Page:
In order to believe that women should register for the Selective Service System (SSS), which serves to make the US ready for military conscription, one must accept several premises: 1) that the SSS is desirable for the country in the first place, 2) that women should be able to serve a role in the military (in particular, in combat roles) and 3) that these two premises mean that women should register for the SSS.
As to the first premise, a case can be made to abolish the SSS altogether. There are two principal objections to the SSS, one philosophical and one policy-oriented. Service to one’s country is a good and admirable thing, but the SSS goes beyond that. It creates a requirement that a young person, by nature of his existence, owes something (up to his life) to his government. It further allows that government to penalize anyone who does not render unto it what it is owed, not just with denial of many benefits, but also with up to a $250,000 fine and five years in prison. The implication is that, at least in certain circumstances, the government has a higher claim on a young man’s life than he does.
Supporters of registration might respond by stating that a draft could be necessary for the preservation of the country and that those most able have a responsibility to defend it. If a draft were necessary for the protection of the homeland, that might be justification enough for the state laying claim to the lives of its youngest adult citizens, but its necessity is not at all apparent. No draft orders have been issued since 1972. In fact, President Ford actually ended the requirement that men register with the SSS in 1975. There was no requirement until President Carter renewed it in 1980 in response to the Soviet Invasion of Afghanistan. The Gulf War and the wars in Iraq and Afghanistan were all fought without a draft.
The nature of warfare has changed. While soldiers will be necessary for the foreseeable future, forces of such a large scale as were necessary in past wars are unlikely. Also, the all-volunteer force that the US currently employs is usually seen as superior to a force with draftees because of its better morale and superior training. Finally, in the event that America faces a direct existential threat and needs to go to war to defend itself, I have little doubt that many, many more people will volunteer for military service.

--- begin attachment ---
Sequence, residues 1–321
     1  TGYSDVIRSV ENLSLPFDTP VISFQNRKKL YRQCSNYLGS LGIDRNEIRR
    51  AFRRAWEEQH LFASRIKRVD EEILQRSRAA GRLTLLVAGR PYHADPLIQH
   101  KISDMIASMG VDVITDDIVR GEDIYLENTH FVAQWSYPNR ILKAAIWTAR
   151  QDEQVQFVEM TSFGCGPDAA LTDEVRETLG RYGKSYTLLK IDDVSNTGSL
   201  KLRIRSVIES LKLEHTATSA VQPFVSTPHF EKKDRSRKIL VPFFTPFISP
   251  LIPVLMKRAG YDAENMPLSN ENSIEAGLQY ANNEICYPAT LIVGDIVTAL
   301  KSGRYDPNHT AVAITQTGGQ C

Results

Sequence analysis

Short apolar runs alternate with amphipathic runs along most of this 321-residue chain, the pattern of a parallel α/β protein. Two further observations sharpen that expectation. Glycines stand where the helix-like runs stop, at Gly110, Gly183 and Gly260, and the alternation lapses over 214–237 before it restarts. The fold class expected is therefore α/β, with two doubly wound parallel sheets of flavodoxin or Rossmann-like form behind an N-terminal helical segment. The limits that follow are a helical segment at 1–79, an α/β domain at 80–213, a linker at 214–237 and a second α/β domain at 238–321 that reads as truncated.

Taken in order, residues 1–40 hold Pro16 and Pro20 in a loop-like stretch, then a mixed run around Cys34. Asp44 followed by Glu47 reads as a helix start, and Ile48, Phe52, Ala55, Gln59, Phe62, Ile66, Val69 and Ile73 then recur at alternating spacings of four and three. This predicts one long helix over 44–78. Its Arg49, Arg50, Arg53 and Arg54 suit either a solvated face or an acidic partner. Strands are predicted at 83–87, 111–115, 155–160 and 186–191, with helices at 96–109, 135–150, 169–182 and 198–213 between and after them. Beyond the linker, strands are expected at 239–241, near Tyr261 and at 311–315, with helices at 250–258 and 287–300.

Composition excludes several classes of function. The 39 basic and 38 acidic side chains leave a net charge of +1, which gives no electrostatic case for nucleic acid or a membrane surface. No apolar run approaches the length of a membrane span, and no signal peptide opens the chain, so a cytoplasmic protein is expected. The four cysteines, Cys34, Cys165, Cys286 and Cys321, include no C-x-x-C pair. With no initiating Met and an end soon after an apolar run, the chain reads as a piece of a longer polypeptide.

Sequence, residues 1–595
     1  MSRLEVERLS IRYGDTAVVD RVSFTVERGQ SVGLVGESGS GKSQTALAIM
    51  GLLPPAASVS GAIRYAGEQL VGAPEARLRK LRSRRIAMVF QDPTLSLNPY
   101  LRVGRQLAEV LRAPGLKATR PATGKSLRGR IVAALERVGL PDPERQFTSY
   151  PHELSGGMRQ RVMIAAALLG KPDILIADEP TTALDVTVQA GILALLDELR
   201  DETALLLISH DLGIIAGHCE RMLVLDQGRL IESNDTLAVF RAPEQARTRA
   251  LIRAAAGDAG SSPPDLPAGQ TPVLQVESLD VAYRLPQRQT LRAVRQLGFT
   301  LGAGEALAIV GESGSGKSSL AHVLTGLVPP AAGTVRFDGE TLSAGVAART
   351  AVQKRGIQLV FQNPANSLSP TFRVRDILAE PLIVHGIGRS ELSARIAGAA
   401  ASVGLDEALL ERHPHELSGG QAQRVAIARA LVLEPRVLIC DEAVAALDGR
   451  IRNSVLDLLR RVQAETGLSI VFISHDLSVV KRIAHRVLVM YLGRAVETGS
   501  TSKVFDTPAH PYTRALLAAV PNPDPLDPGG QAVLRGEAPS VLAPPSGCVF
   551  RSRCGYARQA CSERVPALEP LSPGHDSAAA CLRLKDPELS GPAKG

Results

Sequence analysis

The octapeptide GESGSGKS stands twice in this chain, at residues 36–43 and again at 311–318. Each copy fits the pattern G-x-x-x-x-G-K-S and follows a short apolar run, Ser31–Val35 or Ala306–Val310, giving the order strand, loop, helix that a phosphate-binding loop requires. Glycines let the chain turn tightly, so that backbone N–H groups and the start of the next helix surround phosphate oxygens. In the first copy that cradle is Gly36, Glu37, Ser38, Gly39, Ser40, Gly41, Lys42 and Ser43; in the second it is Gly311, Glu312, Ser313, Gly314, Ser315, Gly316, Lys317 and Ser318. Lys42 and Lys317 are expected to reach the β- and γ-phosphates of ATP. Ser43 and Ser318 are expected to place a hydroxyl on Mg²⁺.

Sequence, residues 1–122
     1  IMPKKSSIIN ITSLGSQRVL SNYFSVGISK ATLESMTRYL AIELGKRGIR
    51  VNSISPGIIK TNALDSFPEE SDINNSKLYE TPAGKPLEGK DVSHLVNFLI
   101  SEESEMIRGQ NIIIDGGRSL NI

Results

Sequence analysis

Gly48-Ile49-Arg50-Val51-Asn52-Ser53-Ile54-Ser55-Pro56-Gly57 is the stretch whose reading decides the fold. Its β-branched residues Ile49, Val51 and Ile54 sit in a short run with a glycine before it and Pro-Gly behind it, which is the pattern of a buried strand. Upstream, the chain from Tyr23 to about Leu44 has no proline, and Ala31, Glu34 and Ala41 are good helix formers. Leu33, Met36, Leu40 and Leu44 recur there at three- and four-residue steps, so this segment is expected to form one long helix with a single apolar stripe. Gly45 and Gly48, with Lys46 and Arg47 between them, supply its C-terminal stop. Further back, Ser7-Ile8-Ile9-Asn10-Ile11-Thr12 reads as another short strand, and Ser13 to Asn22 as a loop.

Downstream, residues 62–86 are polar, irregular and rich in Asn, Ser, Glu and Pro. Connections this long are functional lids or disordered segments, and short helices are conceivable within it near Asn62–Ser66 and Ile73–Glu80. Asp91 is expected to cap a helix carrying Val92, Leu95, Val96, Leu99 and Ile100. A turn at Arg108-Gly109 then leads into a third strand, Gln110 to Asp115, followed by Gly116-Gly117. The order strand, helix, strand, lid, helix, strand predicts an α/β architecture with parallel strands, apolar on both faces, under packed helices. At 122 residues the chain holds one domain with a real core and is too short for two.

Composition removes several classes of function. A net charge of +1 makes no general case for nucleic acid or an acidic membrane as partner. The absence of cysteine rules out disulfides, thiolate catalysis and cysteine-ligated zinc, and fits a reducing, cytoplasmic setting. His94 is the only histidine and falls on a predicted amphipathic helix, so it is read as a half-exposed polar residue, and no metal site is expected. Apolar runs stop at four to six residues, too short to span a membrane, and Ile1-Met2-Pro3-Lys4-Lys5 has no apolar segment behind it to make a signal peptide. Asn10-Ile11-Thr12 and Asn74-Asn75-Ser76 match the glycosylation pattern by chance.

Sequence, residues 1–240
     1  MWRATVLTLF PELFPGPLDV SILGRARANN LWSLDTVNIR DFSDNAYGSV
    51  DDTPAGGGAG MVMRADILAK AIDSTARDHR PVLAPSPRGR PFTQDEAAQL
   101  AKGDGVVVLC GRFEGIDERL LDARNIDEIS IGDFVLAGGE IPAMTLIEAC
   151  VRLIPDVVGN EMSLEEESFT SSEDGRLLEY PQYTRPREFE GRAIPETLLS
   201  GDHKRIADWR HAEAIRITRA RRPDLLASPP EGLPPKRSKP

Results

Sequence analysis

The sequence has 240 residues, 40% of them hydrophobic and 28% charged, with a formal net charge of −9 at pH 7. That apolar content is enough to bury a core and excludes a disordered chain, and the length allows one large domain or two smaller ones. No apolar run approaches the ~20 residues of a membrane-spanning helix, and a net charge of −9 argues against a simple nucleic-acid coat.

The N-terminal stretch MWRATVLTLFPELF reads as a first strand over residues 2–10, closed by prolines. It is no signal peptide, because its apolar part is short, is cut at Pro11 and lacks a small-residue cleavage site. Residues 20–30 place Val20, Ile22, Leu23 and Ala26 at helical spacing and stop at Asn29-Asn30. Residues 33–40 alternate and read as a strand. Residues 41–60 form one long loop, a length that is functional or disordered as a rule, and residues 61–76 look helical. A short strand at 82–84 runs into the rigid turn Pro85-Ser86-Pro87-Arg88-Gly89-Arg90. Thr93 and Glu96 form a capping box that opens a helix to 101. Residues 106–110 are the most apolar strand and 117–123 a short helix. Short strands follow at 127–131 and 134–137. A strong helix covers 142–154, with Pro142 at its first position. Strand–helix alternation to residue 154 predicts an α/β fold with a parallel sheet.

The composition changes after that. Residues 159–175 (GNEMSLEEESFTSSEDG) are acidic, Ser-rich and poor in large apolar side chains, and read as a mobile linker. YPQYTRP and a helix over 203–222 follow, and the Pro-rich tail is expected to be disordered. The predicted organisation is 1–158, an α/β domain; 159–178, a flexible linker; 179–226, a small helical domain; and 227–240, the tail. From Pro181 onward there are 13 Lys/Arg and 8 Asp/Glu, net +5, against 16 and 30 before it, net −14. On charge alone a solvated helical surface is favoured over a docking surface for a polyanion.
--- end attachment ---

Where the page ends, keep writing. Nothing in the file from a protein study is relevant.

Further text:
Some might agree that the SSS should be abolished, but argue that as long as it exists, it should treat men and women equally. This is misguided. If one views the SSS as an injustice, expanding it to cover women only makes that injustice affect more people directly. If one views it merely as a non-optimal policy, including women does nothing to make it better.
However, for the sake of argument, let us assume that the SSS is good and proper policy. That still leaves open the question of what role women should serve in the military. Here a distinction needs to be made. Not all military positions are combat roles. Having women in the military is not particularly controversial, and I see no problem with it. However, I remain skeptical of having women in combat roles.
For instance, a recent study by the Marines found that mixed-sex units performed worse than all-male units in 39 of 134 tasks tested. Also, women were far more likely to receive injuries. Women have had a much harder time completing Army Ranger training than men: in the first sex-integrated class of Army Rangers, none of the nineteen women who participated made it past the first phase.
Men, overall, have several physical advantages over women: their blood carries more oxygen, they weigh more, have more muscle mass and stronger bones. Israel is often given as an example of a country that conscripts women, but it actually significantly restricts the role that they can serve in combat.
Perhaps my concerns about women serving in combat are unfounded. Perhaps the military finds no drawback in allowing physically exceptional women to participate in combat. That still doesn’t mean that women should have to be drafted.
While some women are exceptional, as a proportion, significantly fewer women than men have the physical capability of meeting the high standards needed for combat. If a draft were necessary, it would make much more sense to restrict it to the the segment of the population who is best suited for combat. Women would be more likely to be turned away or forced into roles of which they are not as prepared as their male counterparts.
Of course, not all military roles are combat roles. Could women be drafted into those roles? I don’t see the necessity. A draft is only likely to be reinstated in an extreme emergency. If non-combat roles are what is needed in such an emergency, okay, but I have a suspicion that people will be most needed specifically for combat.
Finally, there is something to be said for the cultural distinction between men and women. Women being forced into the military and dying on the battlefield, in all likelihood in a greater proportion than men, would, justifiably or not, demoralize the nation in a way that men dying would not. Also, while I do believe drafting men is a great injustice, I find drafting women to be a greater injustice still.
Even if one sees the draft as a virtuous policy promoting patriotism, I do not see the virtue in extending it to women given the natural physical differences between the sexes. To demand that women must be able to be drafted ignores the historical contributions that women have made during past wars. After all, it isn’t as though the women of America did nothing to help the war effort during WWII.